Private Footprint Indexing Tool Simplifies New Affidavit of Documents Requirements
In a closely watched decision, the Ontario Superior Court’s ruling in Mohamud v. Juskey, has redefined the legal landscape, emphasizing the need for comprehensive disclosure of social media content by plaintiff lawyers in their client’s Affidavit of Documents (AOD). This case has become a cornerstone in legal precedent in Ontario, as in it the Ontario Superior Court of Justice ruled that it is reasonable to request that all social media posts deemed relevant to a plaintiff’s case be listed in the AOD.
What does this ruling mean?
The implications of this new ruling will cause a paradigm shift in addressing social media in legal proceedings, impacting the way that lawyers consider social media in their cases, and the work required in reviewing their client’s social media profiles. The decision reflects an important shift, asserting that information on social media platforms, regardless of privacy, is indispensable in legal proceedings. This ruling dismantles previous notions of privacy, insisting on transparency in the digital sphere.
The implications of this ruling are profound, especially considering the extensive use of social media platforms like Facebook, Instagram, TikTok, Twitter, and YouTube. Legal professionals will likely be requested to undertake a thorough review of these platforms for every case. This task, if done manually, will require hours of sifting through posts, identifying their relevance, and documenting them for the AOD.
Manually compiling relevant social media content is a Herculean task. Legal teams must gain access to their clients’ social media accounts to view all public and private posts, then painstakingly navigate through them, identify pertinent posts, and determine their chronological context. This process involves cross-referencing posts with case facts, a task that demands meticulous attention to detail and an enormous amount of time.
Private Footprint: From Hours to Minutes
Recognizing the enormity of this challenge, Private Footprint has developed a solution for law firms in Ontario. Our platform now features a reporting function that drastically simplifies the creation of a social media index for the Affidavit of Documents.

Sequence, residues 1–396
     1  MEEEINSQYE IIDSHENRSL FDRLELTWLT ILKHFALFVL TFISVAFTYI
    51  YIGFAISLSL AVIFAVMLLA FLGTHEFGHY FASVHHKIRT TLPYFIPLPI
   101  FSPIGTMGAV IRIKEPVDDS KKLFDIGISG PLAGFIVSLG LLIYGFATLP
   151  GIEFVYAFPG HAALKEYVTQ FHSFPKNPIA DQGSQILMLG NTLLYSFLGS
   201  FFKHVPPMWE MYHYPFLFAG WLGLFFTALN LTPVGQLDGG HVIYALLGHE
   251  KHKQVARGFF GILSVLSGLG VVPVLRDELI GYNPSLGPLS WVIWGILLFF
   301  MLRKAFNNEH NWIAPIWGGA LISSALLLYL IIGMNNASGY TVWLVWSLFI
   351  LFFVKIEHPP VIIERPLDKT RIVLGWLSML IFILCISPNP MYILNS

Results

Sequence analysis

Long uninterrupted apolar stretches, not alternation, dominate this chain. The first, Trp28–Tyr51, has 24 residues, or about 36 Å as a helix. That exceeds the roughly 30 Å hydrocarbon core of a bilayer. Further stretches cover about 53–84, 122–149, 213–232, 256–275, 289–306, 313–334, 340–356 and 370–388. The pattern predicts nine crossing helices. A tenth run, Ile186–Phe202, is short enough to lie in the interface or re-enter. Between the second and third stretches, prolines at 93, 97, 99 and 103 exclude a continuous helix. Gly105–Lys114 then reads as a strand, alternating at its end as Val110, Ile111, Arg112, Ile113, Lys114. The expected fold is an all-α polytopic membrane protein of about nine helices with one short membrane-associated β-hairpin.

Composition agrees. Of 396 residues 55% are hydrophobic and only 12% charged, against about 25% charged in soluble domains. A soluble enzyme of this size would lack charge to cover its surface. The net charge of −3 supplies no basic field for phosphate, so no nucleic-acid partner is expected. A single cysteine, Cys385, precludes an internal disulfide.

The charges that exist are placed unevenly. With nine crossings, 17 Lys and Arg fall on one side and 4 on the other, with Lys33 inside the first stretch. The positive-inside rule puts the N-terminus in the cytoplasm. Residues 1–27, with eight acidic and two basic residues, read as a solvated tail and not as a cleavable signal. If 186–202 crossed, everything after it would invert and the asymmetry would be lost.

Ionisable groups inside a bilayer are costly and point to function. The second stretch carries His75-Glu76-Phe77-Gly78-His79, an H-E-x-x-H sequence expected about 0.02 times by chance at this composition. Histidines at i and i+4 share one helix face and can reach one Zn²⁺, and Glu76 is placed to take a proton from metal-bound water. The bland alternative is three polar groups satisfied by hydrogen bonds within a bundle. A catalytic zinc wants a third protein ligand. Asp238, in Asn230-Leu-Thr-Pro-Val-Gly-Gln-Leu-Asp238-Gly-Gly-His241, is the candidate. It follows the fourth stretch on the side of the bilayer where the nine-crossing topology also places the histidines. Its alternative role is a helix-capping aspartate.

Plaintiff lawyers and their teams can effortlessly download a comprehensive index of a client’s social media activity, available in both PDF and Word formats, that includes the date and social media tool for each post indexed. The index can then simply be copied and pasted into the client’s AOD – saving hours of frustration and valuable time.
Private Footprint’s tool not only automates the process of collecting client social media content, but also allows legal teams to quickly sort through thousands of posts to identify the relevant content to be included in the AOD.
In an era where time is of the essence, Private Footprint offers an invaluable advantage. What would typically consume hours of labour can now be accomplished in minutes. This efficiency allows legal teams to redirect their focus and resources towards more strategic aspects of case preparation, secure in the knowledge that the compilation of social media evidence is handled proficiently. And for a one-time fee of only $100 USD per file, the return on this investment is instant.
The Mohamud v. Juskey, 2023 ONSC 4414 ruling has unequivocally established that ignorance of a client’s social media presence is no longer tenable in legal practice. Private Footprint is a vital tool in this new era, offering an innovative and affordable solution for plaintiff lawyers.
Are you aware of what your clients are posting? The defense counsel certainly is. Schedule a demo today and start protecting the value of your files with Private Footprint.